Nvidia submitted an application to Chinese regulators in recent weeks asking them to approve the company’s US$40 billion acquisition of Arm, according to a report from The Financial Times on Tuesday, June 8. Nvidia stated the regulatory process was confidential, but it remains confident that it will receive approval and “close in early 2022.”
When the deal was announced last September, Nvidia and Arm stated it would take approximately 18 months to go through. But Chinese regulators could take up to 18 months from now to reach a conclusion, according to the Chinese antitrust lawyers cited by the FT. Regulators in the UK, Europe, and the US are also probing the deal.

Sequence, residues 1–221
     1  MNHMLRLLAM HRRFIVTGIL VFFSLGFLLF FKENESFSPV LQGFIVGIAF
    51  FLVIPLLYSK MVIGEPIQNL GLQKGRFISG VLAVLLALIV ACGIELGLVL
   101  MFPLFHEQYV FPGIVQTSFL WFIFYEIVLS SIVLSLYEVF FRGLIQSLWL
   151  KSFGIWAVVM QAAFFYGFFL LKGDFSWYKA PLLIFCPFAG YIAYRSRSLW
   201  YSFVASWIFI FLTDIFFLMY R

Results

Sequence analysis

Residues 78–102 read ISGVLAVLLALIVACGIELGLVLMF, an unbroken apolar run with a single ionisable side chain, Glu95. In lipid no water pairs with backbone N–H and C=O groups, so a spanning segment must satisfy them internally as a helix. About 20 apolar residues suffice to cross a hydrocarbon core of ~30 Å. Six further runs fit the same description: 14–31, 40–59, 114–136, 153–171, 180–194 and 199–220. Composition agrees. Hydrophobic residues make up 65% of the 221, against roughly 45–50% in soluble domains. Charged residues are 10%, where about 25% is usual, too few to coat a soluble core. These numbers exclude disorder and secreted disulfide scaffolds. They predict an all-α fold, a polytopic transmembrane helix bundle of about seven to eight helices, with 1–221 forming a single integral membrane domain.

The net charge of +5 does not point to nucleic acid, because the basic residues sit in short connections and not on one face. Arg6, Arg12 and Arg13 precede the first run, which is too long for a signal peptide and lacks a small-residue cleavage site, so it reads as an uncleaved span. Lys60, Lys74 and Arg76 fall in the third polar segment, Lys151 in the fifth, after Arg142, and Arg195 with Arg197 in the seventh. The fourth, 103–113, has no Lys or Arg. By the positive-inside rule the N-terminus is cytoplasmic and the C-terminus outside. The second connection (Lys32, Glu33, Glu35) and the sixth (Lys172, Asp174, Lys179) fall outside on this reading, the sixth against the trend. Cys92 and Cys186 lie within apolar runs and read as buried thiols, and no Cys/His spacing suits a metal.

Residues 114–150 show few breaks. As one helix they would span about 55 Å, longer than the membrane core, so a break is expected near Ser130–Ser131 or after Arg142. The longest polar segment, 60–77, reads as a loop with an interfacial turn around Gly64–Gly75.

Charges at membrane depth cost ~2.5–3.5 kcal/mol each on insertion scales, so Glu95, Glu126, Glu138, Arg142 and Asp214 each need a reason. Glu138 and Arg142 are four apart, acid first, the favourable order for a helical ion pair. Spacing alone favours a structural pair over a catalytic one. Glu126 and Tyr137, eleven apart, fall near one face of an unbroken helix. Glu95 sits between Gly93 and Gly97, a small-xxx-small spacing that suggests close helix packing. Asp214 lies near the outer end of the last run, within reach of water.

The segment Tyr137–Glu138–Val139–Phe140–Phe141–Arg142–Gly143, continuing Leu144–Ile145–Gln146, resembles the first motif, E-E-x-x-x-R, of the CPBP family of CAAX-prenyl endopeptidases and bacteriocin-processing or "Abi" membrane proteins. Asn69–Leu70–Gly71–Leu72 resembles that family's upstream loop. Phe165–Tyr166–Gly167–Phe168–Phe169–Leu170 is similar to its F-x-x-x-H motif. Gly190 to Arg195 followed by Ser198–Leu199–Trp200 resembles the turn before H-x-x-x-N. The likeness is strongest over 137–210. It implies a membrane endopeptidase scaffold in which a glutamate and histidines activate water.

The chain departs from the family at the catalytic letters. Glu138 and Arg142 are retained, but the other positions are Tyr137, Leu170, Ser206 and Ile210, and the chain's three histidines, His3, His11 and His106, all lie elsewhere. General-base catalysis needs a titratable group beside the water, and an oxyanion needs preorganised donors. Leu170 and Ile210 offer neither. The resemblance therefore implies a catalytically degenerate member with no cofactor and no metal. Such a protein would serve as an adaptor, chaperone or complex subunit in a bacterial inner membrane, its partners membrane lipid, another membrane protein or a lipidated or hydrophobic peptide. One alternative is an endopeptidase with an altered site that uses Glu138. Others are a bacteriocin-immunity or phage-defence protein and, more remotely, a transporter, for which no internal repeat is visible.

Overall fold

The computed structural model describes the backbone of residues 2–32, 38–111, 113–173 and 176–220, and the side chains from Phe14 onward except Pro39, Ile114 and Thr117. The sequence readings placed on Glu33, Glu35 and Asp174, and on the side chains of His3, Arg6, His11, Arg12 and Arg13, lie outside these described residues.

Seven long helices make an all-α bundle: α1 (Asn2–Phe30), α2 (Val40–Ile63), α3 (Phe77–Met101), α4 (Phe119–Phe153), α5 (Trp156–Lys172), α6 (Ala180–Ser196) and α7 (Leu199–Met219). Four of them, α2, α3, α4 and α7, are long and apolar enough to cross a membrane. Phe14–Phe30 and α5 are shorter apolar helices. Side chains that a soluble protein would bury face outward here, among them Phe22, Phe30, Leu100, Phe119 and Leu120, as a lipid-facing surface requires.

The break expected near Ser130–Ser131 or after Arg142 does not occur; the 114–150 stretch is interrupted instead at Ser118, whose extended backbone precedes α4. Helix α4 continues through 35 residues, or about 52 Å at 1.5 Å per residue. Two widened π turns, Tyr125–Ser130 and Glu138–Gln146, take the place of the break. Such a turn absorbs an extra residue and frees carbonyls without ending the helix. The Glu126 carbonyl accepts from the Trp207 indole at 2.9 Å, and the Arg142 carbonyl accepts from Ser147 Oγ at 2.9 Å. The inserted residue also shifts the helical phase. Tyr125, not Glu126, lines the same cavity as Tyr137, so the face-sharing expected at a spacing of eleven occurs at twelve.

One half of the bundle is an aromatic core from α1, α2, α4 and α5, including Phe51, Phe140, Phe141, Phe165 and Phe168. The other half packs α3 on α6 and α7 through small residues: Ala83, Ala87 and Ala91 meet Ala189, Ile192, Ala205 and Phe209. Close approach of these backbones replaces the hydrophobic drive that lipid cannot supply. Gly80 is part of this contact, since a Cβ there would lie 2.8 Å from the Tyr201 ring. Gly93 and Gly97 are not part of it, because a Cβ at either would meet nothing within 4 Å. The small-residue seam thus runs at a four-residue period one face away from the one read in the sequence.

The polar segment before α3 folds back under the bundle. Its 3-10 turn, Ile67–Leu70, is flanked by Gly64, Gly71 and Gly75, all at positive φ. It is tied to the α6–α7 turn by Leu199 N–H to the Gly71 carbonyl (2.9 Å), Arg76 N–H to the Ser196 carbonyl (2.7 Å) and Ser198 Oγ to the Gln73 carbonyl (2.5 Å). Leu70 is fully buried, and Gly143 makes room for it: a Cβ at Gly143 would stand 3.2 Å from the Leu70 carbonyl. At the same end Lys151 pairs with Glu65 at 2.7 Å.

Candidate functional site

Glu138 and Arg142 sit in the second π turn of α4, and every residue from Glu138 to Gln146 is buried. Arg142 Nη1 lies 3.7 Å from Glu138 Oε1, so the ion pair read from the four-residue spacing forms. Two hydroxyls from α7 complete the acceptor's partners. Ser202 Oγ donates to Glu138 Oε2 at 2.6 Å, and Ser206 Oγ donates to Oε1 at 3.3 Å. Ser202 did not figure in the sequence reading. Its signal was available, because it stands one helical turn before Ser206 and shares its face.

Arm has as a joint venture called “Arm China” with Chinese private equity firm Hopu Investments. Arm China is headquartered in Shanghai, meaning China’s Ministry of Commerce and China’s State Administration for Market Regulation will have the right to review the proposed Nvidia deal. China would review Nvidia’s acquisition of Arm in the second half of 2021.
Several people familiar with the thinking of China’s antitrust regulators said the country’s chipmakers, such as Huawei’s HiSilicon and Semiconductor Manufacturing International Corporation, as well as state-backed chip investment group E-Town Capital had opposed the deal. Their concerns stemmed from fears of handing greater control of the designs that underpinned a large portion of China’s chip industry to US-based Nvidia.